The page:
The third plot from the bottom (the current/time plot) makes this more concrete, showing the influx (negative y-axis) and outflux (positive y-axis) of ions passing through each type of ion channel being modeled. Notice that, in the gating plot, at times when m is large and h is small for a moment (say, just after 100ms), the sodium current (Ina) spikes outward. Notice also that the potassium current (Ik) spikes inward when its activation parameter n spikes in the gating plot.

Finally, consider the top plot, which shows two currents injected into the cell membrane at times 100ms and 300ms. Notice that the second injected current is significantly larger in magnitude than the first.

Relationship between the plots

Notice that the first set of action potentials (from about 100 to 200ms) is sparse compared to the second set (from 300 to 400ms). This is due to the increased current applied across the membrane in the second injection (see the bottom plot).

It is possible to see how intracellular and cell-patch dynamics are related through these four plots. Gating parameters affect ion channel conductance, which directly influences ion flow, which in turn controls electric potential across the membrane.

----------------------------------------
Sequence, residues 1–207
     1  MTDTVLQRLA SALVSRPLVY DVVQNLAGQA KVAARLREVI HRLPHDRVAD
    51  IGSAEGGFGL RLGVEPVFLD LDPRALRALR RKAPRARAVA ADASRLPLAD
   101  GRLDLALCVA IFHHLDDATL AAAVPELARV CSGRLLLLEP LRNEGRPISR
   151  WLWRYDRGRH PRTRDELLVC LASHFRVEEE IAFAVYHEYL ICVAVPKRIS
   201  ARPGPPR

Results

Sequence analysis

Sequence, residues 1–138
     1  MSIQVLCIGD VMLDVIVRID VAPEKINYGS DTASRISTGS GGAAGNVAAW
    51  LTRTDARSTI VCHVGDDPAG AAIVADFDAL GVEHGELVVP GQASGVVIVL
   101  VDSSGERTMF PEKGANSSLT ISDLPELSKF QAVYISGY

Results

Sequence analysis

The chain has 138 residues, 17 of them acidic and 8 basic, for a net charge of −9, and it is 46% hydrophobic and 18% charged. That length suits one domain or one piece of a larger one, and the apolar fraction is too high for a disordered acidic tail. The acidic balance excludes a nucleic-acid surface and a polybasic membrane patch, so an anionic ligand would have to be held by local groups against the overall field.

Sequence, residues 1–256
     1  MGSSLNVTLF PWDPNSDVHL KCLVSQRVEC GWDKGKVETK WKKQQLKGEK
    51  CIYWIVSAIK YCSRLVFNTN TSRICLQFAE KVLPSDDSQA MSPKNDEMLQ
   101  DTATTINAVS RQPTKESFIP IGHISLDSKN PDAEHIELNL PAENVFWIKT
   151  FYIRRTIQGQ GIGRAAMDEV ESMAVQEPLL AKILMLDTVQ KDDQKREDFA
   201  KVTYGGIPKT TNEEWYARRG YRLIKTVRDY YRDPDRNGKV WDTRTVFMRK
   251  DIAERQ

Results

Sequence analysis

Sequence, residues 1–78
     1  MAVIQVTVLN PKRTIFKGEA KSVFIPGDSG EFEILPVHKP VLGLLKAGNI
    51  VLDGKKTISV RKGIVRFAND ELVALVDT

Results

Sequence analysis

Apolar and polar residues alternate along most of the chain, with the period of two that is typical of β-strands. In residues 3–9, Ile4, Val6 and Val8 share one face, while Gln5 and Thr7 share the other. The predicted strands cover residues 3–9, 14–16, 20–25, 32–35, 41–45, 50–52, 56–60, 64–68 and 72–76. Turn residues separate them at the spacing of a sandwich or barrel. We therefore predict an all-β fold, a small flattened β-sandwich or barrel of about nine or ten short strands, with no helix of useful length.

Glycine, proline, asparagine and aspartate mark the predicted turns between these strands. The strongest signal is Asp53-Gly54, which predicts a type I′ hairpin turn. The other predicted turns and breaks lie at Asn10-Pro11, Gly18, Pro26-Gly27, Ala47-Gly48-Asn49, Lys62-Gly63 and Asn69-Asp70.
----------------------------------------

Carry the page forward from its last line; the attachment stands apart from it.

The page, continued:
• Ion channel
    • Protein embedded in cellular membrane allowing passive flow of ions, depending on its configuration.
  • Ion channel conductance
    • The rate of flow of ions through an ion channel. Directly affects membrane conductance, and changes with gating behaviour of an ion channel.
  • Ion transporter
    • Protein embedded in cellular membrane that moves ions actively
  • Membrane capacitance
  • Membrane conductance
    • Total membrane conductance is the rate at which current (i.e. ions) can flow through the membrane, and is a result of the configuration of ion channels at a given moment.
  • Membrane potential
    • The difference in electric potential between the exterior and interior of a cell.
  • Nernst potential
    • See “Reversal potential”.
  • Reversal potential
    • The membrane potential at which a given ion species has no overall flow across the membrane (i.e. the ion flow direction “reverses”).